The epilogue was written by Former Secretary of the Navy, J._William_Middendorf
"Leapfrogging" - the strategy of bypassing heavily fortified Japanese positions and concentrating on strategically important islands that were not well defended, was one of the keys to Japan's unconditional surrender on the USS Missouri on September 2, 1945.
This strategy allowed United States forces to reach Japan more quickly without expending the time, manpower and supplies to capture every Japanese-held island on the way. The troops on islands that had been bypassed, such as major Japanese bases at Rabaul and Wewak, were left to wither on the vine.
The overall leapfrogging strategy involved two prongs: Admiral Chester Nimitz, with a smaller land force and larger fleet, advanced north and captured the Gilbert and Marshall Islands and the Marianas. The southern prong, led by General Douglas MacArthur, with larger land forces and pilots from the 5th Air Force, took the Solomons, New Guinea, the Bismarck Archipelago and the Philippines.
The best strategy is only as good as the men trained and motivated to implement it.
The 39th Fighter Squadron of the Fifth Air Force demonstrated this remarkable effort and achievement in microcosm. Many of its pilots were youngsters who had never been off the ground, much less flown an airplane, on December 7, 1941. Rushed through training and initially assigned airplanes seriously inferior to those they would meet in combat, they never faltered in their determination to win this war - or in their belief that, no matter how many setbacks they suffered, they would win it.
What is astonishing about their determination and performance are the challenges they faced daily. Weather was frequently a greater peril than the enemy, as the pilots faced a solid front of fog and clouds hovering over the eastern coast of New Guinea. This front might be 1,000 miles long and 100 miles deep and our planes had difficulty getting under it, over it, through it or around it.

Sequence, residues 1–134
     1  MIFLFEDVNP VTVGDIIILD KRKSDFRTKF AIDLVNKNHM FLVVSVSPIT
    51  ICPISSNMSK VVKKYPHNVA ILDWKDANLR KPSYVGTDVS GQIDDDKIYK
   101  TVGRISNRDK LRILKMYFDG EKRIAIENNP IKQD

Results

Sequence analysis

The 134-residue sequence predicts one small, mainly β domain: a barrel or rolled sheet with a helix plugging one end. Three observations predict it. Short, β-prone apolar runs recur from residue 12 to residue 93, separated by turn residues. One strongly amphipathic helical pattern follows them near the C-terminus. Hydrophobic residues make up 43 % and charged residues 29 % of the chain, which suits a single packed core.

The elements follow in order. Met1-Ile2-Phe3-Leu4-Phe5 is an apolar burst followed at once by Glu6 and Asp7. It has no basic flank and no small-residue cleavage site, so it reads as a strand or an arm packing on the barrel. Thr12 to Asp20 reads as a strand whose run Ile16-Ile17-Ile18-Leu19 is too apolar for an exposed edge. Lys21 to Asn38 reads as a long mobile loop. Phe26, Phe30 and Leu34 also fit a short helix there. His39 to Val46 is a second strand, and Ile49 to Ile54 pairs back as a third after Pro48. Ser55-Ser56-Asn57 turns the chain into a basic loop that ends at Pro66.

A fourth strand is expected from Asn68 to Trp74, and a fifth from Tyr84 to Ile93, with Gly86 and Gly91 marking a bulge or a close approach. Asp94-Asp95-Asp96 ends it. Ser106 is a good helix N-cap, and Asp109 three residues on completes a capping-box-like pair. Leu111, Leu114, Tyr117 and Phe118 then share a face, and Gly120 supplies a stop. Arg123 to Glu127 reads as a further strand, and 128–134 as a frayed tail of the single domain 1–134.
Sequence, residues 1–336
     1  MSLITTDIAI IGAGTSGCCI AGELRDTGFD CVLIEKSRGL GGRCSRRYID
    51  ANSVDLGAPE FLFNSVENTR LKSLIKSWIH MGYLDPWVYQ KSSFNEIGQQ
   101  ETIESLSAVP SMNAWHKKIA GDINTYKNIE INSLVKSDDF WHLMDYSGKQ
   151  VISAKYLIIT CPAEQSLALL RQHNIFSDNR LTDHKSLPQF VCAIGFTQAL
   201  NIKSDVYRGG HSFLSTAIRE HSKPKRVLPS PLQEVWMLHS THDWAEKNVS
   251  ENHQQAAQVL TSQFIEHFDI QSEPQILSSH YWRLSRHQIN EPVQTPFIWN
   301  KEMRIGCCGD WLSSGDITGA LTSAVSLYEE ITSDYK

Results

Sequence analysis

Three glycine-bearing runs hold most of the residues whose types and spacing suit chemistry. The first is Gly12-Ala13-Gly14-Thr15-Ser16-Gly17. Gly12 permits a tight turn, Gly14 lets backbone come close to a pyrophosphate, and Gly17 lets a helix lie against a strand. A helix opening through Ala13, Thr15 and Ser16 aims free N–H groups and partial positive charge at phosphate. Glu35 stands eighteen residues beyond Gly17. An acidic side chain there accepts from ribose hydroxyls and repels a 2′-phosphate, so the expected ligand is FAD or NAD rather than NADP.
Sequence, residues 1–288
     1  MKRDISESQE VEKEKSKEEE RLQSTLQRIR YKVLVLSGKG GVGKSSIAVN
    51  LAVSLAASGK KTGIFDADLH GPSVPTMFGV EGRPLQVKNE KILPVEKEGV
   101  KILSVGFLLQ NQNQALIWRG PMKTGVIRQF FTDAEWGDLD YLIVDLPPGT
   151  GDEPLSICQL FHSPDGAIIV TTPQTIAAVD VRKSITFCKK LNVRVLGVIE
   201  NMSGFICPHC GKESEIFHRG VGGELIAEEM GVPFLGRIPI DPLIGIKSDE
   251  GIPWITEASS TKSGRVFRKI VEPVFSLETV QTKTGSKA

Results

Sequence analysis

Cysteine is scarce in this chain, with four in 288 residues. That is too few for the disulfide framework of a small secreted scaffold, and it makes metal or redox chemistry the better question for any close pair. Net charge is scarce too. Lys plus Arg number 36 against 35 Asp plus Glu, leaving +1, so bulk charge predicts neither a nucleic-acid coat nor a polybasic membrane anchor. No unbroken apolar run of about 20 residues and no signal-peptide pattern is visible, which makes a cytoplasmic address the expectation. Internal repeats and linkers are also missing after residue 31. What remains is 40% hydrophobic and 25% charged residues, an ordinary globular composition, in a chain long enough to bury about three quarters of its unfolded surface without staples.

War and danger are synonymous. But each time these men climbed into the cockpits of their fighter planes, they had to be keenly aware that death - and particularly grisly death - might well await them. Beyond the high probability of crashing on take off, being lost in weather or exploding in aerial combat, they knew that capture by the enemy would almost certainly result in torture and execution.
It was a particularly ghastly aspect of their peril that they would be beheaded, not only by out-of-control Japanese soldiers, but also under Japanese Imperial policy. It was one of the travesties of the war that execution by beheading would be imposed on captured pilots by this supposedly civilized government as some kind of sick system of honor.
When the war ended, these beheadings and other atrocities were discovered and investigated, and the perpetrators were tried and, when convicted, punished. It is one of the great strengths of this book that these crucial post-war events are recounted in detail. More than an epilogue, it is a detailed exploration of the minds and motivations of the men on both sides of this terrible conflict.